Azerbaijan and Geopolitical Concerns: Russian Federation and Turkey
Murad Makhmudov, Noriko Watanabe, and Lee Jay Walker
Modern Tokyo Times
The political elites in Baku are at pains to distance Azerbaijan from the entanglements of the Russian Federation and Turkey. Of course, in order to achieve this then Azerbaijan must contemplate serious issues from the approach of “quietism.” However, given the nature of the protagonists then clearly the elites in Baku must tread carefully.
At the same time, relations between Armenia and Azerbaijan remain tense based on the perennial issue of Nagorno-Karabakh. Other important domestic issues relate to the political situation, openness, energy issues, the economy and a host of other important factors. Therefore, the current leaders of Azerbaijan seek a fine balance given the geopolitical complexity of the region that is tainted by growing rivalries – this also includes Iran and Saudi Arabia.
Zaur Shiriyev at The Jamestown Foundation reports “Essentially, Azerbaijan is stuck in the middle of two regional crises. The effect of this is exacerbated by the domestic economic situation: following the decline in oil prices, the country has been forced to devalue its currency, leading to protests against price hikes in several regions (Turan, January 12). Under these conditions, the Russian-Turkish and Iranian-Saudi fault lines pose additional problems, requiring Azerbaijan to act with extreme caution.”
The shooting down of a Russian Federation jet, that had allegedly violated Turkey’s airspace while targeting terrorists in Syria, quickly led to major tensions between Ankara and Moscow. This is based on the Russian Federation denying any violation and ushering Turkey’s hypocrisy. After all, Turkey is still occupying Northern Cyprus and in relation to airspace the same nation frequently violates the airspace of Greece. At the same time, Turkey often bombs Northern Iraq – aimed at the Kurds – despite protests from Baghdad. Similarly, violations have taken place against Syria by Turkey. Therefore, the stance taken by Turkey towards shooting down a military jet from the Russian Federation was rebuked strongly by President Vladimir Putin.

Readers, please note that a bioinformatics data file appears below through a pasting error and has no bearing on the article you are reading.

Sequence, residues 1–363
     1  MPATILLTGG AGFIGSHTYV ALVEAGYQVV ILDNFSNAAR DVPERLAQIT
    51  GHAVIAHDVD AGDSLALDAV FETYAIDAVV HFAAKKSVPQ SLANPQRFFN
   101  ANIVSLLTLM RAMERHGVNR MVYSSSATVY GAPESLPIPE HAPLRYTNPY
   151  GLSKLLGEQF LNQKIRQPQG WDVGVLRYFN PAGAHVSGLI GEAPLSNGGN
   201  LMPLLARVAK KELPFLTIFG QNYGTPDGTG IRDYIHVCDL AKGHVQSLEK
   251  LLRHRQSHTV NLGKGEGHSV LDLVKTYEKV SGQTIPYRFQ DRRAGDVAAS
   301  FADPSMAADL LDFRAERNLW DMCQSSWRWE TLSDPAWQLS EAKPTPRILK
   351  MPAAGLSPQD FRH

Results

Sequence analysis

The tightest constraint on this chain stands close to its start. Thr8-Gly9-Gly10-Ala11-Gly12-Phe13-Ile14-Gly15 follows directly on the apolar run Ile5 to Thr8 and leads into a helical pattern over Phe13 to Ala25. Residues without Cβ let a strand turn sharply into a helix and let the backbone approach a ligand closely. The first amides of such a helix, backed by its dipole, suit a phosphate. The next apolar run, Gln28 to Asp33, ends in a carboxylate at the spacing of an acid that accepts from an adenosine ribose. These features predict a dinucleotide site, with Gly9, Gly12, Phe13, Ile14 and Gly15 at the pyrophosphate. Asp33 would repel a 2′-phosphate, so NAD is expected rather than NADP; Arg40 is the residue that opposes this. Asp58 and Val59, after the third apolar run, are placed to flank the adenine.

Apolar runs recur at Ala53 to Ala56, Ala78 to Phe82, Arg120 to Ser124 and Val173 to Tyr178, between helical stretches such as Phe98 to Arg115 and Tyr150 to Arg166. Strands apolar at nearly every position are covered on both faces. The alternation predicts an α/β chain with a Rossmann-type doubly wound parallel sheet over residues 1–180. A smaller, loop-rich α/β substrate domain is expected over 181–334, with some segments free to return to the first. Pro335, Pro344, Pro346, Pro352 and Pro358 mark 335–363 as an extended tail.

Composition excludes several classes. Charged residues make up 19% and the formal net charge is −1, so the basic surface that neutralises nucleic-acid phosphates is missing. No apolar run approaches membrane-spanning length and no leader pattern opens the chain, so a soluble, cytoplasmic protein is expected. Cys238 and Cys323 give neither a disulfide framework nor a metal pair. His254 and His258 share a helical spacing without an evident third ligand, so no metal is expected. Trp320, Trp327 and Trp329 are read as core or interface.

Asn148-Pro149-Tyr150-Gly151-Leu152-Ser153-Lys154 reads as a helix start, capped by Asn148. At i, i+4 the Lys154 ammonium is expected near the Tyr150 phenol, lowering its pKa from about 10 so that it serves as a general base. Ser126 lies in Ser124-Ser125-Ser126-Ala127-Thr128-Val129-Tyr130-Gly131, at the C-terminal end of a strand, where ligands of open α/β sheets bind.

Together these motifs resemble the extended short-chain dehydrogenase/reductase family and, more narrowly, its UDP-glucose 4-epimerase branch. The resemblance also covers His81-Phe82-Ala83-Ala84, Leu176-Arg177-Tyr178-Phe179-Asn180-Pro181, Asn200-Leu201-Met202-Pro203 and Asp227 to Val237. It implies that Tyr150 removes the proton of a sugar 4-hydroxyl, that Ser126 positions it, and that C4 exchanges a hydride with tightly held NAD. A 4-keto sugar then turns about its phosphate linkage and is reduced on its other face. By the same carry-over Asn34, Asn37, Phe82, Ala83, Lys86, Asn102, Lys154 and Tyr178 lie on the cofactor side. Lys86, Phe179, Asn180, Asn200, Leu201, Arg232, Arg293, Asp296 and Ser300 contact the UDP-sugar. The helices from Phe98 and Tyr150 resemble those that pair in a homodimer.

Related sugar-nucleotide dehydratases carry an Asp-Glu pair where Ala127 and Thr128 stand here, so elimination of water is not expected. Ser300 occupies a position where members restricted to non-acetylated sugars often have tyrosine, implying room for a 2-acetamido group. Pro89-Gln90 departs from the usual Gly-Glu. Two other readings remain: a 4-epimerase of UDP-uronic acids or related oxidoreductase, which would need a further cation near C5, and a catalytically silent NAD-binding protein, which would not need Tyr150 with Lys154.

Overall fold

Despite Azerbaijan appreciating the stance taken by Turkey over the Nagorno-Karabakh dispute involving Armenia, the political elites in Baku fully understand the importance of the Russian Federation. Likewise, Azerbaijan is firmly embedded within the energy politics of Turkey, the Caspian and Ankara’s ambitions of linking up more strenuously with Central Asia. Yet, the above realities and strong cultural relations didn’t witness Azerbaijan supporting Turkey to any important degree. Instead, the political elites in Baku seek both the middle ground and a “quiet approach.” This reality is based on various economic, geopolitical, political and military complexities involving Azerbaijan, Turkey, and the Russian Federation.
Also, given the current economic situation in Azerbaijan then political elites in this nation can’t afford major distractions. Instead, the economy must be shored up and the political process needs strengthening. After all, plummeting oil prices, the decline of the national currency, demonstrations, and growing poverty are challenging enough for Azerbaijan.
Overall, the crisis between the Russian Federation and Turkey is worrying for Azerbaijan based on the internal prevailing conditions. Given this reality, Azerbaijan needs to focus on a “quiet approach” when it comes to important geopolitical issues – while knowing that security issues override any possible external economic incentives.
Modern Tokyo News is part of the Modern Tokyo Times group
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